Cowork Rochester

Thoughts from OurSpace in Fort Wayne

Posted in Uncategorized by Erik on March 18, 2010

A couple of interesting ideas from posts on the OurSpace, a coworking facility in Fort Wayne, IN.

“Coworking is about creating a strong community.”

“Though working from home has advantages – increased autonomy and no need for a lengthy commute, for example – the solitude can sometimes drain motivation.”

“Coworking relies upon individuals to build relationships,  work together and create the better product.”

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Who Says Coworking Won’t Work?

Posted in coworking, industry, news coverage by Erik on March 17, 2010

Coworking has been getting a lot of  press lately and this article from USA Today is just another feather in the cap of coworking. It got me thinking about a comment left on an earlier article comparing coworking and shared office space. Jason said, “Coworking Spaces = Not Profitable and most FAIL[.] Shared Office Space = Struggling but have a PROVEN biz model.” It’s clear that the rules of business are continuously changing and that the landscape for how businesses source a physical location will change as well. I suspect that shared offices were a radical idea when the first one was pitched. Coworking will ultimately be successful in any market with a sufficiently large talent pool because of the economic benefits they provide to bootstraped and underfunded startups and solo-workers. From the article:

Such facilities surfaced a couple years ago, but they are thriving because the economy has forced companies and non-profits to use them as a practical way to save money. They are especially appealing to one-person businesses, which grew 8% in 2008

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Incubator Style Coworking Space

Posted in coworking, facilities, shared office by Erik on March 17, 2010

WebWorkerDaily toured CoLab, an Orlando, FL coworking space and posted insight into how coworking is working in a larger city. The space is primarily being used as an incubator style / shared office configuration instead of a solo-worker destination.

The coworking common area at CoLab is definitely underutilized. It was virtually deserted on the Monday afternoon that I visited, although I was told a few members use it on a regular basis. This is likely because CoLab’s suites are so affordable that they are packed to the rafters with small businesses.

Another reason for the lack of utilization may be due to the variety of options available to solo workers in Orlando.  In some locations where there is an existing culture of web-based entrepreneurs a larger number of startups an incubator style startup may work. In fact, this is a major benefit to any bio-technology firm considering involvement in the Pine Island Elk Run Biotech Park or even the Minnesota BioBusiness Center. However, for internet professionals, the demand for this type of space doesn’t appear to be there and downtown would be better served by a more traditional open coworking facility.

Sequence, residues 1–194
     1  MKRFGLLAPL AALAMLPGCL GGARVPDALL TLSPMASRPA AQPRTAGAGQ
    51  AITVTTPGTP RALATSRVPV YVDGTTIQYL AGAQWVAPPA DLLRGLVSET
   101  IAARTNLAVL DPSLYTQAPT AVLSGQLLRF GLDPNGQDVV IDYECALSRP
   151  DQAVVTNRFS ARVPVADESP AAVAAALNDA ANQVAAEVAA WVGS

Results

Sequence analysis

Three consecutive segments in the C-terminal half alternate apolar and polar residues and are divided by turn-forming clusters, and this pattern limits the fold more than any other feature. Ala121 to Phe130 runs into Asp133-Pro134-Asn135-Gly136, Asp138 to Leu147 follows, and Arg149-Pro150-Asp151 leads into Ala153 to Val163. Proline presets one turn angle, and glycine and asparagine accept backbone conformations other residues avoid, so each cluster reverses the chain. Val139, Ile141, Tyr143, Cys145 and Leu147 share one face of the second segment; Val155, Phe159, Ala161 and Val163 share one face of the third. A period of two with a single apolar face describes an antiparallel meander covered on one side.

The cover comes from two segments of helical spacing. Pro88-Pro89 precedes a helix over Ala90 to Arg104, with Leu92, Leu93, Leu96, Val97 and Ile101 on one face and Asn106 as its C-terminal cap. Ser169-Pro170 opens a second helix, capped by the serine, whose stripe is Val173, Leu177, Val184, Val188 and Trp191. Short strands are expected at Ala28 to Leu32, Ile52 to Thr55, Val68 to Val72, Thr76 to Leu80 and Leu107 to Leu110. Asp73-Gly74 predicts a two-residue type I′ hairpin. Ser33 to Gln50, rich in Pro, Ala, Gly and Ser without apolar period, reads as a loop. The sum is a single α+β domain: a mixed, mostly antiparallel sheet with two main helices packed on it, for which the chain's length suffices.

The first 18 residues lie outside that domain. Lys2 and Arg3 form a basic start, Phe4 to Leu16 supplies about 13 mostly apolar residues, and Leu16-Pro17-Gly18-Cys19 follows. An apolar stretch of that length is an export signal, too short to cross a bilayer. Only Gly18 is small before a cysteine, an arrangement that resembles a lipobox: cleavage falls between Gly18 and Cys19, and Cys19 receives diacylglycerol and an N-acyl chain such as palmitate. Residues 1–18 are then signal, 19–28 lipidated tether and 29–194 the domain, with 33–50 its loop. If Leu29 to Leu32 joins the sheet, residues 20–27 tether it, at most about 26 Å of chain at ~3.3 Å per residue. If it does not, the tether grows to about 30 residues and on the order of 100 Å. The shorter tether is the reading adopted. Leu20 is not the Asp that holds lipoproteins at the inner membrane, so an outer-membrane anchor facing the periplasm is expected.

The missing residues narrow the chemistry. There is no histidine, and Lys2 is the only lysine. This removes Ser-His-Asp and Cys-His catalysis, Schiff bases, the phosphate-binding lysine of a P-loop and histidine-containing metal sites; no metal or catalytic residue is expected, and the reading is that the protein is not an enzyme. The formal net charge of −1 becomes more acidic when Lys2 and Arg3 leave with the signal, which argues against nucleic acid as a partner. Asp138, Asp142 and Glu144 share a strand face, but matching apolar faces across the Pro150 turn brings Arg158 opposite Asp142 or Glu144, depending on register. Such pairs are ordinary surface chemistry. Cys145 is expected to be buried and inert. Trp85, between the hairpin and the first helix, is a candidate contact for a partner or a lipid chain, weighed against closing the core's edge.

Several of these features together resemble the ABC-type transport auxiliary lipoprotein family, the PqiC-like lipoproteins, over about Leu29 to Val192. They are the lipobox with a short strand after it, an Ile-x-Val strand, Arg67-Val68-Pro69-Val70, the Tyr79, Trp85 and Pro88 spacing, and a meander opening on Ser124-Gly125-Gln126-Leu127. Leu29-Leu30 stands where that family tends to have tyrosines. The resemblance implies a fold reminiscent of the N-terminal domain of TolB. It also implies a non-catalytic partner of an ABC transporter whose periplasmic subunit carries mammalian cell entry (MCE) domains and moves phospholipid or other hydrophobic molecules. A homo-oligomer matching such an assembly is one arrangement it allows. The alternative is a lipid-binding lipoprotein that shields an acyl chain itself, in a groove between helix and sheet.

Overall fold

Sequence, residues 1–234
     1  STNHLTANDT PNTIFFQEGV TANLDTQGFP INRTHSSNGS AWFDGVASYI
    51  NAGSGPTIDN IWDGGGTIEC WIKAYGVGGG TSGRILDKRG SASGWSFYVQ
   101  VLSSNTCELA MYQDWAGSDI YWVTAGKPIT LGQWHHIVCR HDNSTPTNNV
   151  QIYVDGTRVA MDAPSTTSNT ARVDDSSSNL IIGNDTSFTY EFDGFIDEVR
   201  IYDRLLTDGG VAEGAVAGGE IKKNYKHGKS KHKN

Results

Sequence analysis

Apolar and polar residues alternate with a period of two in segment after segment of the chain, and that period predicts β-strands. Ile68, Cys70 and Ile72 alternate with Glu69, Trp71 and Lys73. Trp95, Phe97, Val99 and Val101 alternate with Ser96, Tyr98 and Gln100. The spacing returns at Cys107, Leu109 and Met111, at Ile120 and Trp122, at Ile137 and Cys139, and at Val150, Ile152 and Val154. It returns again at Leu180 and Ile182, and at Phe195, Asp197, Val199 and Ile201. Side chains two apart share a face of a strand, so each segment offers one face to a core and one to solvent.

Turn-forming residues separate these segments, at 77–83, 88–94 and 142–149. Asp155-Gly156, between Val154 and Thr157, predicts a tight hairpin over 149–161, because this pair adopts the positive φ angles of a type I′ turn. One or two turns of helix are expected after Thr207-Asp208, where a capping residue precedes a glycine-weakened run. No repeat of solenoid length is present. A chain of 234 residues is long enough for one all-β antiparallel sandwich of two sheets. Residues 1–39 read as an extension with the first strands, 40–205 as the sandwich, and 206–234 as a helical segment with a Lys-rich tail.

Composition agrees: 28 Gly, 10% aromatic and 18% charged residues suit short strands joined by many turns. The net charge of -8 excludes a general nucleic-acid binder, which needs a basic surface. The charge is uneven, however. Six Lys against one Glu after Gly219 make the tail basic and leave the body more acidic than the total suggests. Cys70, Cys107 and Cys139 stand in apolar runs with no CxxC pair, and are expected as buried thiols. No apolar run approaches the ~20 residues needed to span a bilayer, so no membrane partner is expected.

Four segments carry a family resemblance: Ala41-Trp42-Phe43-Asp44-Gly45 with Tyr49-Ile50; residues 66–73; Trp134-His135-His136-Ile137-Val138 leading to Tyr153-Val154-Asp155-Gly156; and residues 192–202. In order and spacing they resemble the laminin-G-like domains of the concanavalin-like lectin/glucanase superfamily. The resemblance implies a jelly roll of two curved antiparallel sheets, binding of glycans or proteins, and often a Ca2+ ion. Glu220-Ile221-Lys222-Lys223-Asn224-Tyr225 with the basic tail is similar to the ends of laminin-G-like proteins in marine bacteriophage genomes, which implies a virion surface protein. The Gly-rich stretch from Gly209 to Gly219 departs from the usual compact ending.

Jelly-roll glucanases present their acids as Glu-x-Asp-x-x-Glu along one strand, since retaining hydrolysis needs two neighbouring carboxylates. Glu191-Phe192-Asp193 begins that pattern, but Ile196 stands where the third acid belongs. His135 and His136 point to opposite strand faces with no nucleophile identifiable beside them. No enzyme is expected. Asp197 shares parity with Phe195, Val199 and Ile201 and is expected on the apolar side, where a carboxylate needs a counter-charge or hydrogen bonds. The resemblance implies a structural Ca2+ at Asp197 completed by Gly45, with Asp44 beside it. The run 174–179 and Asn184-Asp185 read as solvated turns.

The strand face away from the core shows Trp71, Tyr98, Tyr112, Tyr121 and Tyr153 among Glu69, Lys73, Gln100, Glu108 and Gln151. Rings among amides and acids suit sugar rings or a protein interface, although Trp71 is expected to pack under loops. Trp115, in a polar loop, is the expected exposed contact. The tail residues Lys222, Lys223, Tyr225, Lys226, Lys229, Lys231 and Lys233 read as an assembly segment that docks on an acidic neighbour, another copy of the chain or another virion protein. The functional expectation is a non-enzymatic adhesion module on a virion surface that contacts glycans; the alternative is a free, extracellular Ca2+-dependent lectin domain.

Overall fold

Workspace Options in Rochester

Posted in facilities by Erik on March 15, 2010

While these are not coworking, there are a number of places in Rochester where freelancers can get work done outside of their home. These locations offer WiFi and a place to sit and are open to the public.

  • Apache Mall Food Court
  • Caribou Coffee
  • Mayo Clinic (Gonda Building)
  • Panera Bread
  • Peace Plaza (Seasonal)
  • Rochester Public Library
  • Starbucks

Any others that people like and use regularly?

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From Isolation to Stimulation

Posted in coworking by Erik on March 13, 2010

Dr. Jeff Cornwall recently posted on his blog The Entrepreneurial Mind,

In an age of technology where it is so easy to become isolated, the co-working movement has drawn those who work independently but still seek to be a part of a stimulating community.

Mental stimulation is a non-tangible take away I’ve personally experienced while coworking. Discussions about infrastructure systems, Minnesota web-technology trends and coworking immediately come to mind. At the end of a day of coworking, I feel invigorated by the discussions I’ve had and the open sharing and collaboration that has taken place.

Dr. Cornwall’s article primarily focuses on cost benefits of coworking and a new coworking space, CoLab in Nashville, TN. He points out that Coworking is a good way for boot-strap startups to keep costs low while gaining the “open environment that fosters interaction, collaboration and even shared work projects.”

Hat tip to National Association for the Self Employed (NASE) for referencing the original.

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Coworking at the 3rd Place

Posted in cowork, facilities by Erik on March 12, 2010

Today I coworked from The 3rd Place a facility in St. Paul (MN). This is the second coworking facility I’ve been able to visit. I won’t bother comparing them for everyone. Instead, I encourage you take a look at both locations, spend a day or two coworking at each, and decide which is the best fit for you. Remember, the first day is free at both.